Nebraska Revised Statute 27-611
Chapter 27 Section 611
Rule 611. Mode and order of interrogation and presentation; control by judge; scope of cross-examination; leading questions.
(1) The judge shall exercise reasonable control over the mode and order of interrogating witnesses and presenting evidence so as to (a) make the interrogation and presentation effective for the ascertainment of the truth, (b) avoid needless consumption of time, and (c) protect witnesses from harassment or undue embarrassment.
(2) Cross-examination should be limited to the subject matter of the direct examination and matters affecting the credibility of the witness. The judge may, in the exercise of discretion, permit inquiry into additional matters as if on direct examination.
(3) Leading questions should not be used on the direct examination of a witness except as may be necessary to develop his testimony. Ordinarily leading questions should be permitted on cross-examination. When a party calls a hostile witness, an adverse party, or a witness identified with an adverse party, interrogation may be by leading questions.
- Laws 1975, LB 279, § 44.
Fed. R. Evid. 611(a) is substantively identical to subsection (1) of this section. State v. Pangborn, 286 Neb. 363, 836 N.W.2d 790 (2013).
The district court abused its discretion in permitting the jury to use during deliberations a demonstrative exhibit that concisely summarized the prosecutor’s case against the defendant without providing a limiting instruction. State v. Pangborn, 286 Neb. 363, 836 N.W.2d 790 (2013).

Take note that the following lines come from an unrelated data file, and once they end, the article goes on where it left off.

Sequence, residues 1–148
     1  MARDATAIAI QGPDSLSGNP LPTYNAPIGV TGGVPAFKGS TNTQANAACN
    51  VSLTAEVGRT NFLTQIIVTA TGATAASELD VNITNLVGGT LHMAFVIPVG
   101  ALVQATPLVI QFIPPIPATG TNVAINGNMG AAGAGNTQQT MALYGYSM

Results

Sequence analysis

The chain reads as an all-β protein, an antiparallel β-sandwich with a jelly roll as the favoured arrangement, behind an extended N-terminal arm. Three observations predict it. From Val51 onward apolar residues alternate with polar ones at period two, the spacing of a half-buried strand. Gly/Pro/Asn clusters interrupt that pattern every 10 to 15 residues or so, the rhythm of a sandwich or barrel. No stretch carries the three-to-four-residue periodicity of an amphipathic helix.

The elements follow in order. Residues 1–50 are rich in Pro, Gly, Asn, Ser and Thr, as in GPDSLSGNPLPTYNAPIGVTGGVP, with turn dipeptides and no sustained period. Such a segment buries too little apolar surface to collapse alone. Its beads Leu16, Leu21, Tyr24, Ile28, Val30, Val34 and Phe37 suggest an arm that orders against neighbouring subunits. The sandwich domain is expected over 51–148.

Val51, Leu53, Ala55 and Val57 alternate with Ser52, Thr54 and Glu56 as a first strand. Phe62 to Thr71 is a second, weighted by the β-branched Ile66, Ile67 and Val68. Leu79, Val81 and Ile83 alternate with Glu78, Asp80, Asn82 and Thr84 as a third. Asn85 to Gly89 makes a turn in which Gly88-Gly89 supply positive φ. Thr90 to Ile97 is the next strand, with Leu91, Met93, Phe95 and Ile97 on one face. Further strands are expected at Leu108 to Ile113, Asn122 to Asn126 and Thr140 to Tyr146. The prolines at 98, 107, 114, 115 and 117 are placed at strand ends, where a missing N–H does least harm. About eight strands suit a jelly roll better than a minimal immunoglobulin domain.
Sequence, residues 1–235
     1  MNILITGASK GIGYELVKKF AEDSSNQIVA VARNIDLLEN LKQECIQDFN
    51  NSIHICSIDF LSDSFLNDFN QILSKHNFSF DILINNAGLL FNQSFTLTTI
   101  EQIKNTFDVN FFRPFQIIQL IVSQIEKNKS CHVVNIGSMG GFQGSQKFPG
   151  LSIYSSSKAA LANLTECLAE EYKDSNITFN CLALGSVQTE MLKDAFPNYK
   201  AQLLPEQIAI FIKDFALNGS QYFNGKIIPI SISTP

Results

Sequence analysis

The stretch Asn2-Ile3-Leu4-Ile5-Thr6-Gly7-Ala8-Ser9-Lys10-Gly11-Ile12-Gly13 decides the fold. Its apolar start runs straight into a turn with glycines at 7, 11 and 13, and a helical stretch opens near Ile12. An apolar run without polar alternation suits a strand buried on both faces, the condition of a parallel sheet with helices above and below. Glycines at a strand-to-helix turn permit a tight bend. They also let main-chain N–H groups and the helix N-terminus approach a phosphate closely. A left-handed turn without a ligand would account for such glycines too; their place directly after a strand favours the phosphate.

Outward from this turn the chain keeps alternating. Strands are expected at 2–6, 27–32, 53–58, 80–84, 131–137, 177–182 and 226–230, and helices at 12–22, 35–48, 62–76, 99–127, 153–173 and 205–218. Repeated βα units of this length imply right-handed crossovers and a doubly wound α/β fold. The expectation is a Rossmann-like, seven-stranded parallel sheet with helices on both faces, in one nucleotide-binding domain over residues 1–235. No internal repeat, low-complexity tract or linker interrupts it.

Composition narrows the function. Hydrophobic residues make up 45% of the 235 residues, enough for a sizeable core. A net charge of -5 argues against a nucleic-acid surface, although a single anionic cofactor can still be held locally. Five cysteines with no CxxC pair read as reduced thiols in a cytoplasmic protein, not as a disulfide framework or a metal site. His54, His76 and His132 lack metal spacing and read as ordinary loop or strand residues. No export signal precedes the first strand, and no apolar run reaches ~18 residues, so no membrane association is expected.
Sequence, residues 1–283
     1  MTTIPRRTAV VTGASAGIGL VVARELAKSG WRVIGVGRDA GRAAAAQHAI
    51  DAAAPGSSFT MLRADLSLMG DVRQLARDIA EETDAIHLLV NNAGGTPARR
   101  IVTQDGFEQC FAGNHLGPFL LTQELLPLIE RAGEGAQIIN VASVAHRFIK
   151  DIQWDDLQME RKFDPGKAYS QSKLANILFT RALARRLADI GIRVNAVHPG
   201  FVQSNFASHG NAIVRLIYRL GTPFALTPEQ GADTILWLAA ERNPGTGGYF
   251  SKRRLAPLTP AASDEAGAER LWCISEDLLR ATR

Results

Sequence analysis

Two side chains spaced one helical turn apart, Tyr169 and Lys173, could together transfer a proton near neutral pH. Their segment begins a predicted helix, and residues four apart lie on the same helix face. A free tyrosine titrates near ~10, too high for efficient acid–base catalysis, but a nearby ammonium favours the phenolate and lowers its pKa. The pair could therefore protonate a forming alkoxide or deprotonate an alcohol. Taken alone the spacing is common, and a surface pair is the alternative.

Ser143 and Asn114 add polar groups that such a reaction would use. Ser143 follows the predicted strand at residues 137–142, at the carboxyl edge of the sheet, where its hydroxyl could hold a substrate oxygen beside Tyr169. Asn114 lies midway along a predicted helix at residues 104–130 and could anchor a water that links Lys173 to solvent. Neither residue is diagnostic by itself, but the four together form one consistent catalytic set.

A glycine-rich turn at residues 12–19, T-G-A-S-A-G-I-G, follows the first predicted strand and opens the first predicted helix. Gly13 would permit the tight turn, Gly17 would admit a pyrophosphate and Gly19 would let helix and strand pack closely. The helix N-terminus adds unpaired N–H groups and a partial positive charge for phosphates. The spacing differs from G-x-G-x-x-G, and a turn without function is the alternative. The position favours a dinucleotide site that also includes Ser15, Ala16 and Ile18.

When the object of cross-examination is to collaterally ascertain the accuracy or credibility of the witness, some latitude should be permitted, and the scope of such latitude is ordinarily subject to the discretion of the trial judge. State v. Kuehn, 273 Neb. 219, 728 N.W.2d 589 (2007).
Pursuant to subsection (2) of this section, courts limit cross-examination of witnesses to the subject matter of direct examination and matters affecting the credibility of the witness. State v. McLemore, 261 Neb. 452, 623 N.W.2d 315 (2001).
Pursuant to subsection (2) of this section, courts limit cross-examination of witnesses to the subject matter of the direct examination and matters affecting the credibility of the witness. Pursuant to this section, the scope of cross-examination is necessarily limited by the scope of direct examination. State v. Bjorklund, 258 Neb. 432, 604 N.W.2d 169 (2000).
When a party calls a hostile witness, an adverse party, or a witness identified with an adverse party, interrogation may be by leading questions; however, the trial court has broad discretion in declaring a witness hostile, and in order for the court to do so, the record should contain evidence supporting such hostility. Turner v. Welliver, 226 Neb. 275, 411 N.W.2d 298 (1987).
The extent, scope, and course of cross-examination rest within trial court's discretion, and rulings will not be disturbed on appeal absent an abuse of discretion. Fremont Nat. Bank & Trust Co. v. Beerbohm, 223 Neb. 657, 392 N.W.2d 767 (1986).
Judge may use discretion to allow leading questions in direct examination of witness who has a speech disability. State v. Brown, 220 Neb. 849, 374 N.W.2d 28 (1985).
Where a request for a physical examination of the injured party is made during the course of the trial, it rests within the sound discretion of the court whether such request is to be granted, and the ruling thereon will not be disturbed on appeal unless from all circumstances an abuse of discretion appears. Hoegerl v. Burt, 215 Neb. 752, 340 N.W.2d 428 (1983).